Had Microsoft used its lead to make itself the best product in the market, all the above would be (more) forgivable: instead they used. and still use, the majority of their enormous profits for... marketing: patent protection (any idea even not their own, ideas not even in development), advertising, and even underhanded techniques like spreading fake hype (paid bloggers and comment-leavers) and FUD. Microsoft's profits are so huge that all of the above expenditures don't even dent them, yet the company is still unable to create a functional and secure piece of software. Patents and licences themselves are part of the problem: Microsoft has painted itself into a patent-protected faulty proprietary-software corner. Another thing that Microsoft seems to forget: the end user doesn't care how things work "under the hood", but they are easily discouraged when they are made aware that their OS' engine is vulnerable (without ever really understanding completely why). Mac is that mustang with the bold racing stripes (and a cool dashboard) that just works, and that's all the end-user needs - or wants - to know. The end user wants to use a tool to get another job done; having to learn how the tool works itself in order to get a job done, or having to adapt one's work habits around the tool itself, is an unnecessary additional step that many users can do without. Moulding the user around the tool has always been one of Microsoft's major goals, and this is why many of its users are loathe to change.
But to return to the main course of my argument: software development isn't Microsoft's principle trade. This is not the case of other developer companies/communities such as Linux and openBSD; Apple, whose OS today relies on a *nix engine, is difficult to place in the grouping because they also specialise in hardware development. Although most every analyst is comparing the above through statistics based on "market share", I see this analysis as skewed; Linux is free. Linux may have less "value", but today they are quietly running, with the help of Apache, most of the world's web servers. Linux development is constant, community-based, and, because it is open-source, anyone can compile a program for it. But I digress.
I'm sure that you can see now that the companies whose future I do believe in are *nix and Mac. Mac is a case apart: their speciality is, and always has been, the "common user", and all of their development, at least in the "Jobs years", has been wowing/making a simpler/better OS experience for the same. Jobs' innovation seems to be the result of a constant study of how users work today, how they can work better (without being thwacked into a totally new set of work habits), and how the advances in technology can be used to attain that goal. Mac has recently gained an enormous market share with its iPod and iPhone innovations; this was possible largely because to the consumer eye they were platform-independant tools, although apple provided an easy "link" to many platforms with its (sometimes controversial) iTunes music program. Mac puts bettering a user experience before anything else; this in itself can be considered a marketing scheme - but an irreproachable one. Jobs is at the centre of all this, and I won't hide that when I think of an Apple without him, I worry for that company's future as well.
The above is why Microsoft has always dogged in Mac's innovation footsteps - it is a company focused on what a consumer will buy (or how he can be made to buy), before anything else. Take windows (second to adopt the mouse, "mac-like" gui, amongst other features) and the Zune for examples of coming in second (or in the latter case, almost last) innovation-wise. Because they didn't come up with the idea in the first place, they are forced to do it "differently"; because of their patent/licence restrictions, they have to (reverse-)engineer their "new" product from scratch, and a "different but the same" look design-wise usually ends up in failure if the result is not up to par with the widely-accepted product that (cough) inspired the design in the first place.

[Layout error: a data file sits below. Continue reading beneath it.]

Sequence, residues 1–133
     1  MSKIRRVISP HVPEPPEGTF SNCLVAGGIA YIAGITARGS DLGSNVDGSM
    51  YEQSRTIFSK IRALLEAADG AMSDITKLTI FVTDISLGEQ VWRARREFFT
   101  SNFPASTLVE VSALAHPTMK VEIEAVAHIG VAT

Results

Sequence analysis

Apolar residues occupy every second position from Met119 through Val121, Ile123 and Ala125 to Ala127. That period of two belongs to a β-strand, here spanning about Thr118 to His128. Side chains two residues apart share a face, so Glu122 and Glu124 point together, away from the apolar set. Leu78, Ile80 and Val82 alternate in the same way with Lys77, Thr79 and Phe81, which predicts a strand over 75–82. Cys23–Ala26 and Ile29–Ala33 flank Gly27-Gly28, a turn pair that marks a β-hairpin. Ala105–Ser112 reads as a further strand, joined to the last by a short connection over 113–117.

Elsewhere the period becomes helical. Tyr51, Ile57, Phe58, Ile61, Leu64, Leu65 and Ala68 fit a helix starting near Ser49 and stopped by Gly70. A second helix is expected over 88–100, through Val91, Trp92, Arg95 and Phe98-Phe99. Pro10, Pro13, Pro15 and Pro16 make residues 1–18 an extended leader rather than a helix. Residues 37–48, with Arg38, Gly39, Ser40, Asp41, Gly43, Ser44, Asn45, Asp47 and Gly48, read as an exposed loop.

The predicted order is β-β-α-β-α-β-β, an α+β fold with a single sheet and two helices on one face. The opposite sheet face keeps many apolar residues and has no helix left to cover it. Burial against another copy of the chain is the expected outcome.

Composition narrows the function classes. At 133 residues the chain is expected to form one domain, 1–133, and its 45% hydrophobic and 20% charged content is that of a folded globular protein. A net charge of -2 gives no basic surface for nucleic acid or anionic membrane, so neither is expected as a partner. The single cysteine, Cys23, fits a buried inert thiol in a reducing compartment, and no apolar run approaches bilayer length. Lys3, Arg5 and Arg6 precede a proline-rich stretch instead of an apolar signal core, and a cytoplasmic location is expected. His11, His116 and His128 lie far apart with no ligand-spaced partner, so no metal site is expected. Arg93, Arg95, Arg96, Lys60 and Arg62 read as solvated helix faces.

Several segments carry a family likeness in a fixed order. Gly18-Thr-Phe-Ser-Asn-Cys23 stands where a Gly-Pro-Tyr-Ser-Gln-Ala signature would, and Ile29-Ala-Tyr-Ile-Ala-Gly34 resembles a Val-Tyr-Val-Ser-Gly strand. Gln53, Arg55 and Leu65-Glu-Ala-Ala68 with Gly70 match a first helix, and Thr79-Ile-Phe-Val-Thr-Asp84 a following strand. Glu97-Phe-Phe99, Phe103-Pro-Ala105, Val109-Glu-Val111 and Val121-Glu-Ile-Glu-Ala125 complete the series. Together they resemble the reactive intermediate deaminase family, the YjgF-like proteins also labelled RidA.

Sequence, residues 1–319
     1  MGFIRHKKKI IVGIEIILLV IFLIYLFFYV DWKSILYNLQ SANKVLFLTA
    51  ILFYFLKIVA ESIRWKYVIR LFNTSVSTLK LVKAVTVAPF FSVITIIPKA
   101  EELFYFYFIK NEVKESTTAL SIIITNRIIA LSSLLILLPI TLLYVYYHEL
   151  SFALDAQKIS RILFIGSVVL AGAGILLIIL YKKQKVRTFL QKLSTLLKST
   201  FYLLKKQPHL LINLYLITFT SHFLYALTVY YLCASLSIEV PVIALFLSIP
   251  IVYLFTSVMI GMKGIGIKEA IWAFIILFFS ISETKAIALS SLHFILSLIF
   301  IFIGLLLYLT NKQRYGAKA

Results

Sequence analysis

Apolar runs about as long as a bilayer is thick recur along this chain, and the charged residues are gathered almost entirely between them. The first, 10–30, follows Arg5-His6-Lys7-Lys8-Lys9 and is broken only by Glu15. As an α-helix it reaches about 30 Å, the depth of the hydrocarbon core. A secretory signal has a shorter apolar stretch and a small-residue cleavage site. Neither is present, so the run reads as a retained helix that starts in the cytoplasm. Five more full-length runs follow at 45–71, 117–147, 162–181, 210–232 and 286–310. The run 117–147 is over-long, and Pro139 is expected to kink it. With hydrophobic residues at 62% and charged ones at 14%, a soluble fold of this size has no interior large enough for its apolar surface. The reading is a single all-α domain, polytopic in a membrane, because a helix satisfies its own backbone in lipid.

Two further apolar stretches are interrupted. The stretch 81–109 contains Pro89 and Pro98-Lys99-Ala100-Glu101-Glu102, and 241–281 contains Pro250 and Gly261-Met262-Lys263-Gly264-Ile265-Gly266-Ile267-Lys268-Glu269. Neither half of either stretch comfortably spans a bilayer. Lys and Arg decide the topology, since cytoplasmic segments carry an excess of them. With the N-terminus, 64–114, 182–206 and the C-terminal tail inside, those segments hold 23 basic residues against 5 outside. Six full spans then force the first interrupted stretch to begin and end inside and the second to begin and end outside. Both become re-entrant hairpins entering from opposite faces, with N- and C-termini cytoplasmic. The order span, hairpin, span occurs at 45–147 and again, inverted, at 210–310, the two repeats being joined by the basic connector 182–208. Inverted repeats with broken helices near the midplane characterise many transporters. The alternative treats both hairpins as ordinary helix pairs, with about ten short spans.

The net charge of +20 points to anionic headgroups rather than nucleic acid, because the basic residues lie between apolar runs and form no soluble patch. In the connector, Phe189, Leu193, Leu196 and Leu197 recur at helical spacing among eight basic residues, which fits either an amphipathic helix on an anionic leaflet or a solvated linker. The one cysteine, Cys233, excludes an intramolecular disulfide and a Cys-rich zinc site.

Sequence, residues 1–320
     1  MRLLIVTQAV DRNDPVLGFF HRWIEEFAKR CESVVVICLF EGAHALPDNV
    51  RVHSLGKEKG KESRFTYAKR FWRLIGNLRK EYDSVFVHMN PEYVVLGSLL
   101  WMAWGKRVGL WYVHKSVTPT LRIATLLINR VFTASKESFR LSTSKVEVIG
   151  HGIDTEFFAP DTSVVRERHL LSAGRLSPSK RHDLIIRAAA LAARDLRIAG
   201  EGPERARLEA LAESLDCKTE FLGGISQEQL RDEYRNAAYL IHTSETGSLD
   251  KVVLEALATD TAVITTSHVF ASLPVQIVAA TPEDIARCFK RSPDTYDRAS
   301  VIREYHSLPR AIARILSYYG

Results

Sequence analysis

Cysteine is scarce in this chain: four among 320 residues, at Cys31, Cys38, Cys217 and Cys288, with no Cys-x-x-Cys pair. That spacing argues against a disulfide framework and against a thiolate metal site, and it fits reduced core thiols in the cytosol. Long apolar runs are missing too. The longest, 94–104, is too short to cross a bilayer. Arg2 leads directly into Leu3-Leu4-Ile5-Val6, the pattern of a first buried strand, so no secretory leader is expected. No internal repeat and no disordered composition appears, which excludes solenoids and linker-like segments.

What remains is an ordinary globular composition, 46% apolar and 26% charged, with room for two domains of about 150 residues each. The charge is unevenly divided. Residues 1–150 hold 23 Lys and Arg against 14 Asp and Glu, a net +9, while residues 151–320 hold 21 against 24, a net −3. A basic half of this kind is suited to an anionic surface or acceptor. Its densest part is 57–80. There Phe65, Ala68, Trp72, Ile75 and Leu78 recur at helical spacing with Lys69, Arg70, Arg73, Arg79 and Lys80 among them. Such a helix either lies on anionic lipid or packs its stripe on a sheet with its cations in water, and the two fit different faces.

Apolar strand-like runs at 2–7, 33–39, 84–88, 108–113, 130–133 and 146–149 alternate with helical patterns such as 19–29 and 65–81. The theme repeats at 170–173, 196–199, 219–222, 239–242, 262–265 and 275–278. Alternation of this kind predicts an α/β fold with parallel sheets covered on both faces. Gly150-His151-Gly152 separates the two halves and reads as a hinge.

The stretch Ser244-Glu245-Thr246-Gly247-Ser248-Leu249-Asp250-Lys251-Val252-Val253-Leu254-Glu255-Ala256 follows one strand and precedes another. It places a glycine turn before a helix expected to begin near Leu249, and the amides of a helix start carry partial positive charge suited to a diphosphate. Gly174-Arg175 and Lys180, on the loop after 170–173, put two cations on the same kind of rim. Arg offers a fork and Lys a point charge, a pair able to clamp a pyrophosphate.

I think my earlier Catholic-church analogy was a good one: the more educated we become, the more choices we have; both Microsoft and the Vatican rely on the lesser-educated/indoctrinated (and loathe to change) for their income, and this is why both are setting their sights on developing countries today. Not only is the west better educated about its choice of tools, but its communication/community habits have changed as well: we no longer have to rely on salespeople to tell us what's good or not, and a product's real quality, no matter the magnanimity of its ad campaign, can be exposed and spread to all within a number of days. Vista was a prime example (victim) of this.
Microsoft has little chance for continued success in the environment described above. If they had any b*lls, they would switch their sights to making a computer experience better for the end user, just as Mac does. This would involve a total change of ethic, staff, and branding - but the most major change by far would be their scrapping their buggy/virus-vulnerable over-patented core - just as Mac did. I don't see this happening anytime soon, but I really hope they use their still-large lead and still-huge resources to a good end.
I think I can sum up the increasingly shrill right-wing's motives into one phrase: Keep the money flowing into the same pockets.
For that the benefits of the American economy continue flowing into the same pockets, there would have to be a sort of managed stagnation: as we are a naturally progressive society, the only means of preventing us from moving forward to newer technologies and ideas would be to submit our populace to a constant barrage of misinformation and dumbing-down about the real value (and existence of) of all that is available to us in the world today. This is what the right-wing is all about, and this is exactly what has been happening since decades.
Those on the economic recieving end of the above are the most silent players in the same story. The loudest and most shrill pundits of the right-wing agenda only feed off these: most of the feeders a) see themselves as being one of the 'well-connected' or 'privileged elite' or b) are getting some sort of financial support for their 'points of view' that benifits the financial supporter or c) see themselves as the 'enlightened leaders' over, to the benifit of the leaders, an optimally mindless society (message: "here's what you should think") or d) a mix of any of the above. In all cases, the goal for all the above is: keeping things exactly as they are.